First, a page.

The medical field is filled with difficult scenarios, and to someone who is encountering them for the first time, it may be difficult knowing what the best thing to do is. That is why we all take Medical Ethics to prepare ourselves for the real world in which any of these scenarios could take place (and many of these scenarios already have taken place). Here at AUC, we have an amazing medical ethics professor, Dr. Sue Edwards. She encourages discussion in class and makes us really think and evaluate our ideas and values. Ultimately almost every ethical decision we make in our future careers will be based on four universal principles in medicine: Beneficience, Autonomy, Non-maleficience, and Justice. I really enjoyed this class.
What would you do if…
…you prescribe a patient a strict treatment regimen and you find out he hasn’t been following it?
Answer: Find out why the patient isn’t complying. Is it because of misunderstandings? Is it because it is difficult to follow? Is it because he or she is not used to it? Whatever it is, see if your patients understand everything and know all their options, including what will happen if they don’t follow the treatment. Monitor how willing they are to follow the orders throughout the consultation. Don’t ever force them to comply or refer them to another doctor. If your directions are too difficult to follow, give the patient written instructions or simply the treatment regimen.
…a patient’s family is worried and wants to know about the patient’s condition or prognosis?
Answer: Don’t discuss any information about the patient to others, including family members, without the patient’s permission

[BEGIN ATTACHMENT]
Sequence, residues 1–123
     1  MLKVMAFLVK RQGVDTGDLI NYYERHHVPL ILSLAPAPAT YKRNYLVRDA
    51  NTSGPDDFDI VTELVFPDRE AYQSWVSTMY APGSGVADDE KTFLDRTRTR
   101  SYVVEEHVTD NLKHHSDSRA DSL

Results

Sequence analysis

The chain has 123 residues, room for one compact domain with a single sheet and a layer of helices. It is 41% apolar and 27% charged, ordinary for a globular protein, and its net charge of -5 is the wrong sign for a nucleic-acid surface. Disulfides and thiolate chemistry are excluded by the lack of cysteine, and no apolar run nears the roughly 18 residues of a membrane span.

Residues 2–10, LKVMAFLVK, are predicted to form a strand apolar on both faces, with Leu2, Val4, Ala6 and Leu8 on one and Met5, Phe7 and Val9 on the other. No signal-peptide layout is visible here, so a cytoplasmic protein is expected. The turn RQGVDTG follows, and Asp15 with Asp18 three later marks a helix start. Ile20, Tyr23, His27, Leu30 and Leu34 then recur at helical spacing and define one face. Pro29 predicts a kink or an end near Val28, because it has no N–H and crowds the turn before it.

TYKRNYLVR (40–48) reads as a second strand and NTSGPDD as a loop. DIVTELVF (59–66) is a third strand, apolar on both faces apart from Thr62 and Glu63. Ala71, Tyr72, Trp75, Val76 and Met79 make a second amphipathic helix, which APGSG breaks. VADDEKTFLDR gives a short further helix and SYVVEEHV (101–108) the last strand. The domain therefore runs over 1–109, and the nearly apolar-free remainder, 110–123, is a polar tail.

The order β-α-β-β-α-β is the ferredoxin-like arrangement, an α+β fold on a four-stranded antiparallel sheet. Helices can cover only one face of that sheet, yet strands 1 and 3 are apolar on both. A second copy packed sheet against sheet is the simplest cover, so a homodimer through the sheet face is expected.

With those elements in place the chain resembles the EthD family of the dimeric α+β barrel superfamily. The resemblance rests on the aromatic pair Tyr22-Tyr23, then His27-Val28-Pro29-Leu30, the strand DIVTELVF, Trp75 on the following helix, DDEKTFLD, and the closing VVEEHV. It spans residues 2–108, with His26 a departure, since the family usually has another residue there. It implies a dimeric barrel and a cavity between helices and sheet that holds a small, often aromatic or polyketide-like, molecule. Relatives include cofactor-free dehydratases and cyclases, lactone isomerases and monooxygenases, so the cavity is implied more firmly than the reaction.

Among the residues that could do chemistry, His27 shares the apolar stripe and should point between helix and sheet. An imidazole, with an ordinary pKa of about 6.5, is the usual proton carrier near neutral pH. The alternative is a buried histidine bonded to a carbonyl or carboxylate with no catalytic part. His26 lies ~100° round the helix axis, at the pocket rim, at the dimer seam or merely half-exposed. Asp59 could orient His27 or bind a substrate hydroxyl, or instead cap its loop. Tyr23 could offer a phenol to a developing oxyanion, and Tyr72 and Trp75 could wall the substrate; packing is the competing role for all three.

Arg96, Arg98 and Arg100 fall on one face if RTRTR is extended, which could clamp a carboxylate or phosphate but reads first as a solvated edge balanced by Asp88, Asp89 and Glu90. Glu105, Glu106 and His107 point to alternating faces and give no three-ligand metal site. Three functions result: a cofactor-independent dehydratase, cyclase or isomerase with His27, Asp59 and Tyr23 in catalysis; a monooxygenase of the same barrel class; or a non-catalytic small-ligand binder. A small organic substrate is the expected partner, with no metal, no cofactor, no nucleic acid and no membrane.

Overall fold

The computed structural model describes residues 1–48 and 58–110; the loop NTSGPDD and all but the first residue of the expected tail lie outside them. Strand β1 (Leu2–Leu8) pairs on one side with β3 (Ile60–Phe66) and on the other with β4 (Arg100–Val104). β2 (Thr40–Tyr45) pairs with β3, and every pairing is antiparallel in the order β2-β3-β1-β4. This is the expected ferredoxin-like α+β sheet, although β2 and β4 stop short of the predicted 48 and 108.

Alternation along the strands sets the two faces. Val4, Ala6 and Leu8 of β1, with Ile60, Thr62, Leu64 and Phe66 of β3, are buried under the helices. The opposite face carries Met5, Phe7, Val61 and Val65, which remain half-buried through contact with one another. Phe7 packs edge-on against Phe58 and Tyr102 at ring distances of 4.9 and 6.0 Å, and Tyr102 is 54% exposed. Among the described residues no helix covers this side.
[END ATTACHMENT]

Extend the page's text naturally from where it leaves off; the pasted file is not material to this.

…a child wants to know more about his medical condition?
Answer: Ask the child how much his parents have told him, and encourage the parents to have good communication with their child. Only the parents should tell decide what their child should know.
…a 15-year old girl is pregnant and wants an abortion?
Answer: According to the decisions of Roe vs. Wade, a woman has a right to PRIVACY in deciding whether or not to have an abortion. However, since your patient is a minor, in many states the law requires that the parent’s should be notified and give consent for an abortion. Since this is a very touchy subject, always follow the laws of your state. Don’t specifically encourage or advise her to get an abortion, unless she is at great medical risk if she doesn’t.
…a 15 year old pregnant girl wants to keep the child but her parents want her to put up the baby for adoption?
Answer: Even if the girl is a minor, she has the right to decide what to do with her child, even if her parents disagree. Of course, always encourage communication and support your patient in learning how to care for a child.
…a terminally-ill patient who is suffering wants your help in ending his life?
Answer: Don’t get involved in physician-assisted suicide. In most places, it is illegal to actively cause someone to die. Instead, do whatever you can to reduce the patient’s suffering, like giving pain medication. This includes giving pain medication that secondarily happens to shorten the patient’s life a bit. If the patient is deemed to have decision-making capacity, then it is OK to passively allow him or her to die.
…you suspect a patient is suicidal?